Trent Reznor and company attacked the stage in support of "The
Nearly five years ago, Trent Reznor ended his tour in support of Nine
Inch Nails' multi-platinum album "The Downward Spiral"
and slipped into relative obscurity. A lengthy bout with writer's block
followed before work on a new album began in earnest in
1997. Finally, after spending two years locked away in his New Orleans
recording studio, the 35-year-old Reznor emerged
last September with the release of "The Fragile"--a sprawling,
104-minute double album--and put the Nine Inch Nails touring
machine back in motion.
Tuesday night (6/6) at Anaheim's Arrowhead Pond, the industrial rock
godfather and his bandmates proved that the extensive
time off the road has done nothing to dull the razor-sharp edge of their
live performances. Including many of the lush,
meandering numbers found on "The Fragile" has, in fact, given the band's
show a richer, more theatrical feel, one that serves
as a perfect counterbalance to the aggressive--sometimes
violent--delivery of older, more explosive tracks.
Opening for NIN on its U.S. tour is A Perfect Circle, featuring Tool
frontman Maynard James Keenan and former NIN
guitar-tech Billy Howerdel. The group delivered a moody, guitar-driven,
45-minute set of songs from its debut album "Mer De
Noms," which debuted last week at No. 4 on Billboard's Top 200 album
The Southern California crowd was then teased into a frenzy by the
swelling strains of the buzzsaw-like "Pinion" from NIN's
1992 "Broken" EP before the curtain fell to reveal Reznor,
guitarist-keyboardist Danny Lohner, guitarist Robin Finck,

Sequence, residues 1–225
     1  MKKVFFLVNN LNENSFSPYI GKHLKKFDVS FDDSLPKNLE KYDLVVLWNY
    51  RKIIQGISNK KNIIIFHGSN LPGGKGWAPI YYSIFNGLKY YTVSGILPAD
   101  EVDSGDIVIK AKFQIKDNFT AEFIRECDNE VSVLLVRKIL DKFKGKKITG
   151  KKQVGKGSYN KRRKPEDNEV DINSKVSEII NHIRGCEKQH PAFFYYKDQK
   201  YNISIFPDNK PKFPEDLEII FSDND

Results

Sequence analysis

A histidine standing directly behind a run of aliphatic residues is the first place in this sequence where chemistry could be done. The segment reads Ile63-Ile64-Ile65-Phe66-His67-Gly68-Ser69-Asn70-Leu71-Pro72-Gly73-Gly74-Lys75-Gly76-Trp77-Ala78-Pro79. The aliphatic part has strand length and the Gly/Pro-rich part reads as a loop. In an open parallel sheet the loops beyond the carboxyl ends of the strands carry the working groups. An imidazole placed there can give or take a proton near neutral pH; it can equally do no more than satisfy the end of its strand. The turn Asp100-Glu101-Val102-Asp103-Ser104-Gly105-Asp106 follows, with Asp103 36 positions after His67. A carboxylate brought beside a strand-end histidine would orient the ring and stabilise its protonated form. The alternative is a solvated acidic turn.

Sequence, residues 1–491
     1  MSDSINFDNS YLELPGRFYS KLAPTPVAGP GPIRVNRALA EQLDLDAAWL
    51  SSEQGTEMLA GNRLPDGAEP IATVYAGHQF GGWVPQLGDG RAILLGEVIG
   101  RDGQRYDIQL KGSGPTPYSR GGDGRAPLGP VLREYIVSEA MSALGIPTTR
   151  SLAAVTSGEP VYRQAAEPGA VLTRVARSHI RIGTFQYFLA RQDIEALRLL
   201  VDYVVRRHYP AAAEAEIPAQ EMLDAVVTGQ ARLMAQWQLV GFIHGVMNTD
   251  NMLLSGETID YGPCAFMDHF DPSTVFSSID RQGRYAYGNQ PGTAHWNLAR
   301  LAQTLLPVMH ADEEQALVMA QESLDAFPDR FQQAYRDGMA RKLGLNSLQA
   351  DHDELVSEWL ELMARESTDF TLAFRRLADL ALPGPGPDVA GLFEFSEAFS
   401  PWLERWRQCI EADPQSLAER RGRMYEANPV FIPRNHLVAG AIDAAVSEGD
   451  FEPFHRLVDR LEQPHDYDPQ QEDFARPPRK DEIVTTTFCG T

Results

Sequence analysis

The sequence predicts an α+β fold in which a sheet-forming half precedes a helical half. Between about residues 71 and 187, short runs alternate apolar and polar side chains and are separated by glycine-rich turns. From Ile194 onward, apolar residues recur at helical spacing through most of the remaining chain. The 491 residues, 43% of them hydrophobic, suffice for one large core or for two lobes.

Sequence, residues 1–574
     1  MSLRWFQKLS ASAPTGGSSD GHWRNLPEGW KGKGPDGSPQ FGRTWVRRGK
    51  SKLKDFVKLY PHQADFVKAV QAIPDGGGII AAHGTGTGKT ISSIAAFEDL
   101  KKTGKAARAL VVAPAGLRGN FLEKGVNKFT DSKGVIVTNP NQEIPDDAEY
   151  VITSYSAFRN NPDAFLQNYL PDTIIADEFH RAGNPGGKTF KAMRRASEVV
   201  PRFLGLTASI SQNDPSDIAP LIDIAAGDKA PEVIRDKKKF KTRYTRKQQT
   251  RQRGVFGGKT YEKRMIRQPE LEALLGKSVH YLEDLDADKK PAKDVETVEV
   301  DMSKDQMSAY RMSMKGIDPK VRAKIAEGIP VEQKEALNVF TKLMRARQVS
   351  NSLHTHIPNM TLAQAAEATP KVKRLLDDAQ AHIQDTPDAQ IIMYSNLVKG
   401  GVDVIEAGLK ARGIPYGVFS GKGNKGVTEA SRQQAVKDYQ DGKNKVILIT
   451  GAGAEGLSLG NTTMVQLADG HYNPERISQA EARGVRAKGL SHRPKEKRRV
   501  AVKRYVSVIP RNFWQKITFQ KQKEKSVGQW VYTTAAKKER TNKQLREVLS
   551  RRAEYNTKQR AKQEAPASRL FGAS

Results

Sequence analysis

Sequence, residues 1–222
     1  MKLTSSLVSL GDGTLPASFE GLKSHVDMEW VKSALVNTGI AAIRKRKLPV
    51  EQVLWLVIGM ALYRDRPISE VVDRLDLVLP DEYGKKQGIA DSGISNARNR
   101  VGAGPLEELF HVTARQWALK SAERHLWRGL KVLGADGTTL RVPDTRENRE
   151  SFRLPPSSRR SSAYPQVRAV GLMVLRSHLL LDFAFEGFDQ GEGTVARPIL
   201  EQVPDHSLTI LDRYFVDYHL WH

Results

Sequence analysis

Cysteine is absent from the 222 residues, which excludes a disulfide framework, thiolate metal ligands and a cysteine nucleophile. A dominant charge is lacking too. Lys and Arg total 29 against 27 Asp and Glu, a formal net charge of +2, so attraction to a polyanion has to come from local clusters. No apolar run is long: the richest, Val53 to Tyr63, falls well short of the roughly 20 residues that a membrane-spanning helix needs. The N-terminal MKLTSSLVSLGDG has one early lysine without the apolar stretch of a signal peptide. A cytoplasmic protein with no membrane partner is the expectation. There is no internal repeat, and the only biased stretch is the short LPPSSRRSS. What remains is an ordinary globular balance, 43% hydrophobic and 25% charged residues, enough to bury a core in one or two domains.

keyboardist Charlie Clouser and drummer Jerome Dillon. The
quintet--adorned in standard-issue black clothing, boots, black
lipstick, dark eye makeup and a generous powdering of corn
starch--proceeded to wage a 90-minute, all-out sensory assault
on the capacity crowd--and each other.
The band revved things up with "Terrible Lie" and "Sin" from its 1989
breakthrough debut "Pretty Hate Machine," followed by
"March of the Pigs" and "Piggy" from 1994's "The Downward Spiral."
Reznor wasted no time attacking Lohner and Finck as
he thrashed about the stage; he managed to launch Finck into the crowd
for a brief bit of crowd-surfing shortly before he
himself hopped down into the security pit and leaned into the sea of
bodies surging against the barricade.
With the crowd immediately won over, the group changed gears and broke
out some of the moodier, more epic material from
"The Fragile." Most of the middle of the band's set, in fact, was
comprised of newer songs, including a number of instrumental
tunes. Those not familiar with NIN's live performances might assume the
industrial/electronic fare heard on the band's albums
isn't conducive to live jamming; they'd be wrong.
The production featured a dazzling light show, accented most noticeably
by three giant LED screens that were intermittently
positioned both above and behind the band. Hypnotic images of water and
fire interspersed between colorful patterns and
blinding strobes accented the sonic delivery of each song performed
throughout the night.
The group ended its regular set with two sure-fire crowd pleasers.
"Closer" was delivered amidst a wash of brilliant red lights
while lava-like images lit up the LED screens, and "Head Like a Hole"
was accented by blinding white strobes and spotlights
that illuminated the entire arena.
After leaving the stage amidst the roars of the now-frenzied crowd,
Reznor returned to address the fans before breaking into a
"We've been away for a long time," Reznor said. "When you go away for
such a long time, you don't know if anyone's gonna
be there when you come back. To have you all still here means the world
With that, the band launched into four more tracks from "The Fragile,"
including "Starf--ckers"--an ode inspired by Reznor's
friend-cum-enemy-cum-friend Marilyn Manson, whose bandmates were in the
crowd during this show.
"Hurt," the final track from "Downward Spiral," was also the final song
of the night, with Reznor delivering the vocals as
gut-wrenchingly as ever.
Chalk it all up as evidence that Nine Inch Nails has definitely evolved
during its time off.
March of Pigs
The Great Below
The Mark Has Been Made
Head Like a Hole
The Day the World Went Away
Just Like You Imagined
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is provided courtesy Keith Duemling and Tracy Thompson from the collection previously
located at SUS.